Complement Inhibitor Reverses Periodontitis

MedicalResearch.com Interview with:

George Hajishengallis, D.D.S., Ph.D., Thomas W. Evans Centennial Professor University of Pennsylvania Penn Dental Medicine - Microbiology Philadelphia, PA 19104-6030

Dr. George Hajishengallis

George Hajishengallis, D.D.S., Ph.D.,
Thomas W. Evans Centennial Professor
University of Pennsylvania
Penn Dental Medicine – Microbiology
Philadelphia, PA 19104-6030

MedicalResearch.com: What is the background for this study? What are the main findings?

Dr. Hajishengallis: The current study is the result of eight years of collaboration with my colleague at Penn Medicine, Dr. John D. Lambris. In our earlier mechanistic studies, we have shown that complement, a system of innate immunity and inflammation, is critically involved in the pathogenesis of periodontitis, an oral inflammatory disease that leads to the destruction of the tissues (gums and bone) that support the teeth. C3 is the central component of the complement system, where all activation pathways converge. Therefore, we reasoned that blocking C3 with an appropriate inhibitor could block the development of periodontitis. The results of this study confirmed our hypothesis. Indeed, by administering the C3 inhibitor Cp40 to the periodontal tissue just once a week reversed naturally occurring chronic periodontitis in a preclinical model. Specifically, Cp40 inhibited pre-existing gingival inflammation (as determined by both clinical and laboratory assessment) and the formation of osteoclasts, that is, the cells involved in the resorption of bone. If you are suffering from something like periodontitis, then you might want to consider getting treatment for it. For more information on what this type of treatment could be, you can always research osseous surgery.

MedicalResearch.com: What should clinicians and patients take away from your report?

Dr. Hajishengallis: Although in this study Cp40 was successfully applied as a stand-alone treatment, it can be envisioned as an adjunctive therapy to the management of human chronic periodontitis. Cp40 has now been developed for human clinical applications (AMY-101; Amyndas Pharmaceuticals). Future clinical trials could investigate the potential of Cp40/AMY-101 to inhibit periodontal inflammation and bone loss compared to scaling and root planing, whereas in very severe cases of the disease, the drug could be combined with scaling and root planing and compared to periodontal surgery, in an effort to obviate the need for a surgical approach.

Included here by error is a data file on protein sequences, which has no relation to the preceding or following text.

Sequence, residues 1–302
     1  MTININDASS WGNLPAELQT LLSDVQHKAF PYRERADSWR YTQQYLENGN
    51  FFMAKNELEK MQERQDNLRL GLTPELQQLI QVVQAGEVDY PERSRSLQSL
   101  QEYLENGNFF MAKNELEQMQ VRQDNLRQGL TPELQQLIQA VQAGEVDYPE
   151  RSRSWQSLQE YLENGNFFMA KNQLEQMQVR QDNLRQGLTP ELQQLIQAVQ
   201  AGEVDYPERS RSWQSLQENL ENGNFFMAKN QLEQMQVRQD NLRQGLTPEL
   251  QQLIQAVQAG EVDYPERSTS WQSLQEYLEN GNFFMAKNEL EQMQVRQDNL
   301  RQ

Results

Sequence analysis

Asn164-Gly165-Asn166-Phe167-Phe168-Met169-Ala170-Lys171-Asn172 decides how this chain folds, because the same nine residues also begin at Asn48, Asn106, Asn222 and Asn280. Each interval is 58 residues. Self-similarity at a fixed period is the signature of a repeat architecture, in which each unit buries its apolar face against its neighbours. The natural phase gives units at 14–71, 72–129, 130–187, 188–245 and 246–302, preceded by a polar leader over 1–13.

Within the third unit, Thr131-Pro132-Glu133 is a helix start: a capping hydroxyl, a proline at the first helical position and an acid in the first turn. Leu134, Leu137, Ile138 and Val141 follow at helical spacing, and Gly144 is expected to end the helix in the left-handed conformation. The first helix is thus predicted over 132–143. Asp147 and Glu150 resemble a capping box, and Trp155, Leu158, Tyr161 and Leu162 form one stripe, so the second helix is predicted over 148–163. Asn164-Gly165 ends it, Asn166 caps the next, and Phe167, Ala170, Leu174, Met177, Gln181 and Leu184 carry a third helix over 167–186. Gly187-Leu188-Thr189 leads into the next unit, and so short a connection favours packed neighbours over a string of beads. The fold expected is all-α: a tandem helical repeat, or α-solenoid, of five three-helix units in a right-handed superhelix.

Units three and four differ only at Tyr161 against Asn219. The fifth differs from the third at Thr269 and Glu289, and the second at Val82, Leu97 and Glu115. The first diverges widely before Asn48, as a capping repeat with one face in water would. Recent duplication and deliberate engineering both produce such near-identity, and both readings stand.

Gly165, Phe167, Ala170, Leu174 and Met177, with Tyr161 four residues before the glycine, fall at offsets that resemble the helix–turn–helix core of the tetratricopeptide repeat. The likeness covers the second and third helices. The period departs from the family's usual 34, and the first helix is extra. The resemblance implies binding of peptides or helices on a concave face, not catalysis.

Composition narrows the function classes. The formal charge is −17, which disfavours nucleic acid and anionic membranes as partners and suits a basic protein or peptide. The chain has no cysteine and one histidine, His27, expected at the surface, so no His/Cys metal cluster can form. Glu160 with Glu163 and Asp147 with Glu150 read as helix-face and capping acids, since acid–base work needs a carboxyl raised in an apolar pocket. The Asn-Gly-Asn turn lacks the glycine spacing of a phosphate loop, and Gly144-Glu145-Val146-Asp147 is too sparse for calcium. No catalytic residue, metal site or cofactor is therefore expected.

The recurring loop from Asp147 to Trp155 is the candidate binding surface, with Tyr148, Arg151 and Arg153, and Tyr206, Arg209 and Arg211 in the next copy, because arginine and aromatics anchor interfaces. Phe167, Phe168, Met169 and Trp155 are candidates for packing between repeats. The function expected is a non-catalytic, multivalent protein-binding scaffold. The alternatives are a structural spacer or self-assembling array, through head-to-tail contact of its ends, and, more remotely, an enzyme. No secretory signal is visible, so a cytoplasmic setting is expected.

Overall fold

MedicalResearch.com: What recommendations do you have for future research as a result of this study?

Dr. Hajishengallis: There are different candidate approaches for the treatment of periodontitis. Our current work shows that strategies that aim to control the host inflammatory response have a great therapeutic potential. Future research should focus on translating important findings from preclinical models to the clinic. Dissecting mechanisms of disease is very important but translating this type of research into new and effective therapies is even more significant.

MedicalResearch.com: Is there anything else you would like to add?

Dr. Hajishengallis: As I alluded to earlier, Cp40/AMY-101 has a great potential to find application as a novel anti-inflammatory treatment for periodontitis. Periodontitis has a serious public health impact and economic burden, therefore, we need innovative treatments adjunctive to existing therapies – such as mechanical removal of the tooth-associated biofilm – which are not always sufficient to control periodontitis. This drug would not necessarily be implemented in a therapeutic setting (as used in our study) but could also be provided on a preventive basis to high-risk individuals for periodontitis, such as cigarette smokers and diabetic patients. Since Cp40/AMY-101 is intended for local treatment of human periodontitis,potential safety considerations are unlikely to apply, although of course this will need to be verified. It should be noted though that no adverse effects were observed in the preclinical studies.

MedicalResearch.com: Thank you for your contribution to the MedicalResearch.com community.

Citation:

J Clin Periodontol. 2016 Mar;43(3):238-49. doi: 10.1111/jcpe.12507. Epub 2016 Mar 3.

Inhibition of pre-existing natural periodontitis in non-human primates by a locally administered peptide inhibitor of complement C3.

Maekawa T1,2, Briones RA3, Resuello RR4, Tuplano JV4, Hajishengallis E5, Kajikawa T1, Koutsogiannaki S6, Garcia CA3, Ricklin D6, Lambris JD6,Hajishengallis G1.

Note: Content is Not intended as medical advice. Please consult your health care provider regarding your specific medical condition and questions.

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George Hajishengallis, D.D.S., Ph.D. (0). Complement Inhibitor Reverses Periodontitis MedicalResearch.com